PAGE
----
Demo preview: Designing a kitchen in mixed reality
The demo is a conceptual demo, made with Unity, designed to show how a kitchen can be visualized and configured in mixed reality. The interior design mixed reality demo builds on technology that has been used to visualize cars in Varjo projects, such as those done with Aston Martin and Volvo.
With this kind of application, users can choose parts and design their kitchens before construction has begun, comparing how different materials go together in a photorealistic experience that very closely replicates what the finished kitchen will be like.
Cooking up an XR demo experience
In the demo, the user begins by aligning a floor plan to a clear space in a real environment, using the pass-through camera feed of a Varjo XR-3 mixed reality headset. (The demo can also be run in VR-only headsets including the Varjo Aero and VR-3, but the kitchen will then be rendered within a fully virtual environment.)
After the floor plan is aligned in a suitable space, the player can summon the virtual kitchen to appear around them. The user can then easily change colors and materials used for the floor, cabinets, handles, and worktop.
For this demo, we have created two types of animated transition effects for unveiling and hiding the virtual walls and contents of the kitchen. Having transitions gives the user a more enjoyable experience of the demo instead of just making items snap instantly into place.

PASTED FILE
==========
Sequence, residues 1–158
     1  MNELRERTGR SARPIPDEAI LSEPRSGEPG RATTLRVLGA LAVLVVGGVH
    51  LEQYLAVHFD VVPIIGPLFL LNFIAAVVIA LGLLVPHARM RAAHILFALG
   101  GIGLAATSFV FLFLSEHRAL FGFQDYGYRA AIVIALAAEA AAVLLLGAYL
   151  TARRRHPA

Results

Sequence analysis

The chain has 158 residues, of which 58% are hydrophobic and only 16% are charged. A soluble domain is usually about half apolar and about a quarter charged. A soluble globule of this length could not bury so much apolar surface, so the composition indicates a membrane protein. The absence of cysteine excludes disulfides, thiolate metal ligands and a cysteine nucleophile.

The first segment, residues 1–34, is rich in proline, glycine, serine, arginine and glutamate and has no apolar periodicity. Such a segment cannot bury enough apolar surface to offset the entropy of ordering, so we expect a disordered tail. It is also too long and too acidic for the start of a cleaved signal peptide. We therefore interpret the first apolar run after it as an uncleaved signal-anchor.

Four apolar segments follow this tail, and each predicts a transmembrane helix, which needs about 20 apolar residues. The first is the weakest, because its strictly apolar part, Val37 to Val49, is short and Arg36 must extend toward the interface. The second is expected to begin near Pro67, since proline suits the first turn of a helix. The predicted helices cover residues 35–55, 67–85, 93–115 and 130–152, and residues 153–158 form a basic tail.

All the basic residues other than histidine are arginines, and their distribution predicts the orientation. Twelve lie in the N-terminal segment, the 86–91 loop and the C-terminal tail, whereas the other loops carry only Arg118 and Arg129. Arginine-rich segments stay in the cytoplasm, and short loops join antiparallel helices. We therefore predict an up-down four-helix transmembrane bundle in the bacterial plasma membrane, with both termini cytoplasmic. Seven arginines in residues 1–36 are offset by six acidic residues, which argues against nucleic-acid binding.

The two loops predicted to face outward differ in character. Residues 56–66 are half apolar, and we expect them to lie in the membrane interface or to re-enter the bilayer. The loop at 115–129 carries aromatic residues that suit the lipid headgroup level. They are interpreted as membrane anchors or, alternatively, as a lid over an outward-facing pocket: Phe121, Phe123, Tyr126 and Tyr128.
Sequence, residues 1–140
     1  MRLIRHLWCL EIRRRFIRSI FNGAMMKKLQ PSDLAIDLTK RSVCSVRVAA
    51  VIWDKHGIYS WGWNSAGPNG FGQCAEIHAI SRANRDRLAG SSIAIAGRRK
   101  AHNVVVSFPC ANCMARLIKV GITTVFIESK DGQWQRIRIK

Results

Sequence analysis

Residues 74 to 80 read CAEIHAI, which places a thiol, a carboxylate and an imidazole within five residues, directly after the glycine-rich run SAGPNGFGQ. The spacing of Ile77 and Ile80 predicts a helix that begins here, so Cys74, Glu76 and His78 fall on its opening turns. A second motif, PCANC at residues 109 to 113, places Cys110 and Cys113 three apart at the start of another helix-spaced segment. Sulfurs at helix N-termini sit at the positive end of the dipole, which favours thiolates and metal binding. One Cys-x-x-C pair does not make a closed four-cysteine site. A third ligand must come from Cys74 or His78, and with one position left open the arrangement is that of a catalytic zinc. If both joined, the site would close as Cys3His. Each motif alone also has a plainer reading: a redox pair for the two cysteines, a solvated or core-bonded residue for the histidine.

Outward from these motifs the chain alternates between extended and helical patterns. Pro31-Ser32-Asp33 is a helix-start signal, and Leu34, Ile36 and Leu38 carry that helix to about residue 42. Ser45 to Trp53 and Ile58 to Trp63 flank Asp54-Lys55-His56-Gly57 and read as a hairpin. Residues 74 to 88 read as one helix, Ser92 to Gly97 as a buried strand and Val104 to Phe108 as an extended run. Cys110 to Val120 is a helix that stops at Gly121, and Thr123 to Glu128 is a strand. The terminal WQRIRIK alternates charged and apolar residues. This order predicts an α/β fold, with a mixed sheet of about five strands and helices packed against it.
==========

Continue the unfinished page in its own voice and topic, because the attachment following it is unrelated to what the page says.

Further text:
The first effect is a gradually evolving, animated dissolve effect. It is done with the Unity shader graph. The dissolve effect has some somewhat magical visual properties since it really looks like the kitchen is appearing from thin air in front of the user.
The second transition, for the surrounding room, is an animated scale effect, with a cartoon-like animation curve that gives the impression that items are popping up all around like mushrooms.
One of the really striking features in this demo is the functioning virtual window in the kitchen. The player can see the real world through the window, just as if the kitchen was an actual set in the room.
The demo, although currently generic, could be repurposed for further use, using any branded kitchen designs and machines.
The Varjo VR-3 headset retains hand tracking controllability, but it does not offer XR capabilities, so the player is surrounded by 360 images instead of a real-world video feed. The Varjo Aero headset works much in the same way but is controllable with SteamVR compatible controllers rather than hand tracking.
How to get a taste?
This conceptual interior design mixed reality demo will soon be available to all Varjo users and can be tested in advance by getting in touch with our team.